adopting blog

Inspiration, Resources, Opinions & Advice From Our Adoption Community

Creating Holiday Traditions As A Birthmother

Birthmother Xmas Ornament Tradition

Holiday traditions amongst families are a big deal. As birthmoms, knowing your child isn’t a part of these traditions can be hard. But you can create your own holiday traditions with your child. They may not be the same traditions your family has, but they can be special traditions between you and your child.

Personally, my holiday tradition for my son revolves around ornaments. I recall browsing through the mall just before his first Christmas when he was just a couple of months old. I spotted a beautiful Precious Moments baby’s first Christmas ornament in the Hallmark store. It had a spot to write his full name, birthdate, birth weight, and height. I decided to buy it and thought it would make a neat tradition to buy or make him an ornament each Christmas. Every year after that, I’ve hand made his ornament. Sometimes they feature a photo of us from a visit that year; other times it’s just a cute handmade ornament I think he will like. Fifteen years later, he’s learned to expect that a special ornament will be amongst his Christmas presents.

I asked some of my birthmom friends what their holiday traditions with their (placed) children are. If you are searching for a tradition to start with your child, perhaps one of these ideas will interest you.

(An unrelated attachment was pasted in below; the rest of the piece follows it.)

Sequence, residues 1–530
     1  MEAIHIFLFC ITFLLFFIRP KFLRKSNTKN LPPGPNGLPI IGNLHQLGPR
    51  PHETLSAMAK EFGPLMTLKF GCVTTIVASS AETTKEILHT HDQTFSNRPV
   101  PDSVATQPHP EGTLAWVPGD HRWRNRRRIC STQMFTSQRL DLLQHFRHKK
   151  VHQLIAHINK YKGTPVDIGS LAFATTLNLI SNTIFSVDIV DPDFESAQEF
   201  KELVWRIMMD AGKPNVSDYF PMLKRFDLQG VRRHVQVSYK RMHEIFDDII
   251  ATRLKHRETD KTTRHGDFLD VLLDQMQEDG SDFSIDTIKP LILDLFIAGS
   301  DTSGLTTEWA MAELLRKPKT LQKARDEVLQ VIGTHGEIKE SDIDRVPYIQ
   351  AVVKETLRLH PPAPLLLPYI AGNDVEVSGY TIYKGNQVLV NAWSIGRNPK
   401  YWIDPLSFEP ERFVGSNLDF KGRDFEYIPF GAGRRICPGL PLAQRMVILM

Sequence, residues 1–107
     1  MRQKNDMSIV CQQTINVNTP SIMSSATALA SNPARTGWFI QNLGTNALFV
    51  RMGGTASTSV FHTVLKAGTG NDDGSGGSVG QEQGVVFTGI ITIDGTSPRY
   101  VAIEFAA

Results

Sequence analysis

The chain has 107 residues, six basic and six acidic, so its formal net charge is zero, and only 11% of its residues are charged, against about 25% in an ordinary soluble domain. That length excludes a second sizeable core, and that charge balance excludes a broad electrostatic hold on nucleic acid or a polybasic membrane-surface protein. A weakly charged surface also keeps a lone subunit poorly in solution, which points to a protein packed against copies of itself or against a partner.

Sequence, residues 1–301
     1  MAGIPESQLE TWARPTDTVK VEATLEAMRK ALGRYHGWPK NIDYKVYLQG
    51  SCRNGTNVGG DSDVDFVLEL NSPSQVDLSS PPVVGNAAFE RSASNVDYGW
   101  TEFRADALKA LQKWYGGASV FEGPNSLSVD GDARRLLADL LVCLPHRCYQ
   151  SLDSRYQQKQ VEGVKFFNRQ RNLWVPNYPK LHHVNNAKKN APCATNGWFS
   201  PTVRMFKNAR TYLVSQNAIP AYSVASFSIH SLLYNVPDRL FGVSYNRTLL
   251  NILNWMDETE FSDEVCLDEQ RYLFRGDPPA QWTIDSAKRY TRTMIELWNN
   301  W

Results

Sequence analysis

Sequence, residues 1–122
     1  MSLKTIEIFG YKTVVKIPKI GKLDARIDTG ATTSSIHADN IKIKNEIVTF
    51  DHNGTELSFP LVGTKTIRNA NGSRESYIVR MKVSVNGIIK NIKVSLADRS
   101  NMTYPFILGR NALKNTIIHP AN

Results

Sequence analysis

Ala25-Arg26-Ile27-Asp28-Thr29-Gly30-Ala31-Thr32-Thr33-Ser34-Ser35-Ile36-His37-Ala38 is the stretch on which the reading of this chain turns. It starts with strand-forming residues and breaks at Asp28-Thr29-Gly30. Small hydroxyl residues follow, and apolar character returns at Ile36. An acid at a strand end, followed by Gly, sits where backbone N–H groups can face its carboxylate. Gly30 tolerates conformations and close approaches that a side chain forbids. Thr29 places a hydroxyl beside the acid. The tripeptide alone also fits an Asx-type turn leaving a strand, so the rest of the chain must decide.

• Amy, who has an open adoption with her daughter K, also does an ornament tradition, but with a twist. She purchases two ornaments each year and sends one to her daughter and keeps one for her own tree. This way they both have a piece of each other on their tree at Christmas.

• Betty, who is in reunion with her son L, has started a tradition of celebrating Christmas with him and the rest of her family at her parents’ house the day after Christmas. “We celebrate the day after Christmas so that my son can join us and still have Christmas with his adoptive family. I would never put him in the position of having to choose between them or us. It doesn’t matter to me when we do it, just that we celebrate. The last couple of years he has stayed with us because it was too late for him to drive back home. I have to say waking up after celebrating Christmas with all three of my children under one roof is an extra special gift”.

• Alicia, who had a closed adoption, always purchased a Christmas card for her daughter each year, wrote something special inside of it, sealed it, and then put it in a box with other mementos in the hopes that they would be reunited one day.

• Angela, who has an open adoption with her son, celebrates St. Nicholas day with her son on December 6th. She always gives him a Snoopy themed ornament, a tradition that her own Mother did with her and her siblings.

I encourage you to give one of these traditions a try or to come up with something on your own. It will become something special you and your child will look forward to each year.